© USA/2018/Carly Kabot
High school students during a school walkout that aimed to raise awareness about violence against children in schools.
100 unopened texts. I turned to my friend who was reading the conversation, and that’s when I realized something wasn’t right. I slammed my laptop shut and asked what was going on while simultaneously reading through the missed messages. There were texts asking us to send Jaime Guttenberg’s number to anyone we knew in the Parkland, Florida area. Though none of us knew Jaime directly, her father was a friend of my best friend’s family. New York and Florida seem like two different worlds, but in that moment they could have been separated by a mere mile. Nearly every one of my friends knew someone who lived in Parkland, and during that hour many wondered if those they knew had made it out safely. The alternative was too difficult to consider.
It wouldn’t be until I got home and turned on the news that I would realize what was going on. I was frozen, alone in my house, hundreds of miles away from a shooting that felt as if it happened next door. I stared in horror, but not in shock. And that realization, the fact that it was not shocking, was what sent tears streaming down my face. Mass shootings should never be normal, and the death of a child should never be politics. Yet this is the world we live in, and as I cried softly to an empty house I prayed that the world where I will raise children will be different. I awoke the next morning to a photo someone had posted on Instagram. It was of Jaime Guttenberg, the girl whose number we found the day before, and I began to cry again. She was one of the 17 victims who will never be forgotten, and I cried because it could have been any of us, at any school, in the United States and beyond.
“Students are students and children are children, and a failure to protect them is a failure to protect the future of our world.”
Whether by war or by guns, the death of a child is a loss not only for the ones who love them, but a loss for the entire world. One preventable death is a death too many; seventeen preventable deaths is beyond comprehension. Over a thousand American children die every year due to guns; this fact leaves me with no words, just a feeling of vulnerability, emptiness, and fear. When we are young we are taught to view the land we live in as a shining beacon of liberty of opportunity, a golden land of freedom and justice, but as I’ve grown up I’ve realized, no country on earth is perfect.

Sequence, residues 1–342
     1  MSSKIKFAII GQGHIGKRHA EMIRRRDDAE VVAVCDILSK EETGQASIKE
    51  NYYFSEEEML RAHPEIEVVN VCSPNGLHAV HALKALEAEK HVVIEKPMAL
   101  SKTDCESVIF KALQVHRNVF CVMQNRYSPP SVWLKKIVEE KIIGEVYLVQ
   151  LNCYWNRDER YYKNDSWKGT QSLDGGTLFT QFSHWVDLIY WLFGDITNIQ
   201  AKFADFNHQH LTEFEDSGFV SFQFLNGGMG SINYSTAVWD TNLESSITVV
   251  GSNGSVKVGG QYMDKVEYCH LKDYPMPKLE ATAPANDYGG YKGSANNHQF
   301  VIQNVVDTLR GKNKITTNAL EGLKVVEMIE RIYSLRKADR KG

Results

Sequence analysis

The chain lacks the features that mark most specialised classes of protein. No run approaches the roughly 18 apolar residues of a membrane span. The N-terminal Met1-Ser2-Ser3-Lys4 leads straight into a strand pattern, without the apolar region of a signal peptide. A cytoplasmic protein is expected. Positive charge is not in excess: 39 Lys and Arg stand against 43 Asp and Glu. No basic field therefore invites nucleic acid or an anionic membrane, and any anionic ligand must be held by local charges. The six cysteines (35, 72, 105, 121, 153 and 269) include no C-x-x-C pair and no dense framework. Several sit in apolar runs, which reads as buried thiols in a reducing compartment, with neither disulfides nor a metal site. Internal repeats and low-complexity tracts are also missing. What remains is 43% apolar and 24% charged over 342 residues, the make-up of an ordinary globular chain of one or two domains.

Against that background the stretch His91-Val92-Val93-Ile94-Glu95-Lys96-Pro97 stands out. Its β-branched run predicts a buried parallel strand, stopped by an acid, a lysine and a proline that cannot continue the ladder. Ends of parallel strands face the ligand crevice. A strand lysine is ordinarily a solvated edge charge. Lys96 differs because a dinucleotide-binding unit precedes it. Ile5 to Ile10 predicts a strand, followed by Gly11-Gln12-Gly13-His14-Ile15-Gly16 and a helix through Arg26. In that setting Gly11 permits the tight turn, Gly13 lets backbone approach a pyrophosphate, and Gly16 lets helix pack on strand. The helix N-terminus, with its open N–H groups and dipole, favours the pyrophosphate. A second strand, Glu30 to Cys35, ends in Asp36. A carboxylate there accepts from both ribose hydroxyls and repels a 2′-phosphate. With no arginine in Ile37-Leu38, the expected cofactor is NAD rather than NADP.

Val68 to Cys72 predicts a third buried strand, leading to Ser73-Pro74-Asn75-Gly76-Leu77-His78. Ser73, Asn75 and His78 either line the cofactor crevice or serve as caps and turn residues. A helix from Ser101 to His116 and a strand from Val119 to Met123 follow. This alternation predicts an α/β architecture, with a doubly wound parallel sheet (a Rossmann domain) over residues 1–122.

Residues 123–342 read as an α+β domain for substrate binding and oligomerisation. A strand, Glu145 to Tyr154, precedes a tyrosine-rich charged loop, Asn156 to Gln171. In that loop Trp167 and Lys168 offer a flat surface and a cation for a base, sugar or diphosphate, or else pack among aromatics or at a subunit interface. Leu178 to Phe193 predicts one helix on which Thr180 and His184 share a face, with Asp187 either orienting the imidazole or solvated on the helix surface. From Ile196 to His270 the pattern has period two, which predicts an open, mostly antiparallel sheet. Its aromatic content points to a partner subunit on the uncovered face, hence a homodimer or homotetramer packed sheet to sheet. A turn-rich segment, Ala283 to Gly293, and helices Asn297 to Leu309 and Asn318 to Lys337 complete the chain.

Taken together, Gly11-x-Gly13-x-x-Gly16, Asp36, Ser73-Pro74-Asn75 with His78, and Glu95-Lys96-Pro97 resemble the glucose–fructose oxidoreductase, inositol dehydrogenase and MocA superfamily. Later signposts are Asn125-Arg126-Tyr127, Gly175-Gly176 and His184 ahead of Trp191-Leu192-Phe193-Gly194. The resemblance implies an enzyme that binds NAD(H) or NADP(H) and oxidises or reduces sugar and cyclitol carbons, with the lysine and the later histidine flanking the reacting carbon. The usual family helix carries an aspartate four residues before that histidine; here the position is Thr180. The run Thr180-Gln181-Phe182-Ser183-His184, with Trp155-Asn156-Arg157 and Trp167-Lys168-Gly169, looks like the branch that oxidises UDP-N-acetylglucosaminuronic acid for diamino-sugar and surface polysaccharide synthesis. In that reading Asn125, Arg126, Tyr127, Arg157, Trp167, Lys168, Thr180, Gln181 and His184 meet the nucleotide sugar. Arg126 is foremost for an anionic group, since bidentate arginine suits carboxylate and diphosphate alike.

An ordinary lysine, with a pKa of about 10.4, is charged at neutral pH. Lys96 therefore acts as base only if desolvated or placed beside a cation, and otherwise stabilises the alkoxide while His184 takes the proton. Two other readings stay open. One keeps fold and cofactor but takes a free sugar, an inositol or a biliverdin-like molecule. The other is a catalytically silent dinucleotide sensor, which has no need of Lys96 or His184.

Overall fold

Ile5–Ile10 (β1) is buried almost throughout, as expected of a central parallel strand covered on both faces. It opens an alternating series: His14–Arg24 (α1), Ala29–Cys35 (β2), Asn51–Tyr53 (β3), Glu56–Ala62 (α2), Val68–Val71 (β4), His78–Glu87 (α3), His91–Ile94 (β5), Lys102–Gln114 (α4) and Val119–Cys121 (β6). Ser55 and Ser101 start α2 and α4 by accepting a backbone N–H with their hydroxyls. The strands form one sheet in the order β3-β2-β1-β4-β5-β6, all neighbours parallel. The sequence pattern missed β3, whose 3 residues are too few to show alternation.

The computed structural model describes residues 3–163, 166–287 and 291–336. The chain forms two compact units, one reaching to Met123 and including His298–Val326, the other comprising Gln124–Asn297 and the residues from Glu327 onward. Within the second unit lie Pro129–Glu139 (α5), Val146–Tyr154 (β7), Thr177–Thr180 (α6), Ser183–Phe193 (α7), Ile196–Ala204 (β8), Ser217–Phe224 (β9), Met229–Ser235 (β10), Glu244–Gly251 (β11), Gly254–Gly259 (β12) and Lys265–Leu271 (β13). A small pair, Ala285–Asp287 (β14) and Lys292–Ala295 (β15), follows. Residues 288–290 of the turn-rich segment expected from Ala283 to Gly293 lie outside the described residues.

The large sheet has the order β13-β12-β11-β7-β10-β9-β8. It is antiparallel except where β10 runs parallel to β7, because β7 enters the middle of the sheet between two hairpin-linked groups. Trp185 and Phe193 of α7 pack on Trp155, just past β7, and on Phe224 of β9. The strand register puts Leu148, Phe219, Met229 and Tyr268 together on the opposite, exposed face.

A nation is not truly free until all of its inhabitants can live free from fear, and such freedom will not come until citizens value lives over liberties established in the Eighteenth Century. I have learned there is no such thing as freedom without giving something up, and that doing so threatens an idealized image of what freedom means. There are students across the globe who are barred from receiving an education, by wealth, gender, geography, or conflict. No student should be barred by fear.
Violence is violence, no matter the form. Violence exists within every country, every community, and even inside ourselves. We must deal with the violence that strangles our society, and we must deal with it now. I do not believe that adults will make the change our world needs, but it’s us, the generation of tomorrow. Youth have a reputation of being narcissistic and unaware, but that could not be farther from the truth. We have the opportunity to redefine the teenage stereotype. And we share a common desire to change the pictures that we see day after day. I believe we can change it, and we will. I can no longer sit in silence while my safety and the safety of millions of students is put in jeopardy. This extends beyond mass shootings or guns, and beyond America. It is about ensuring that school is a haven, not a target for terrorists, for war, for shooters. We have had enough: enough death, enough war, enough inequality, enough poverty and enough injustice. We may not have made the mess, but we will clean it up. We will pick up the shattered pieces of our communities and repair them in such a way that they will never again fall to the hands of those who wish to destroy our humanity, our strength, and our resilience.
Carly Kabot is a Voices of Youth blogger for UNICEF and a strong advocate for human rights.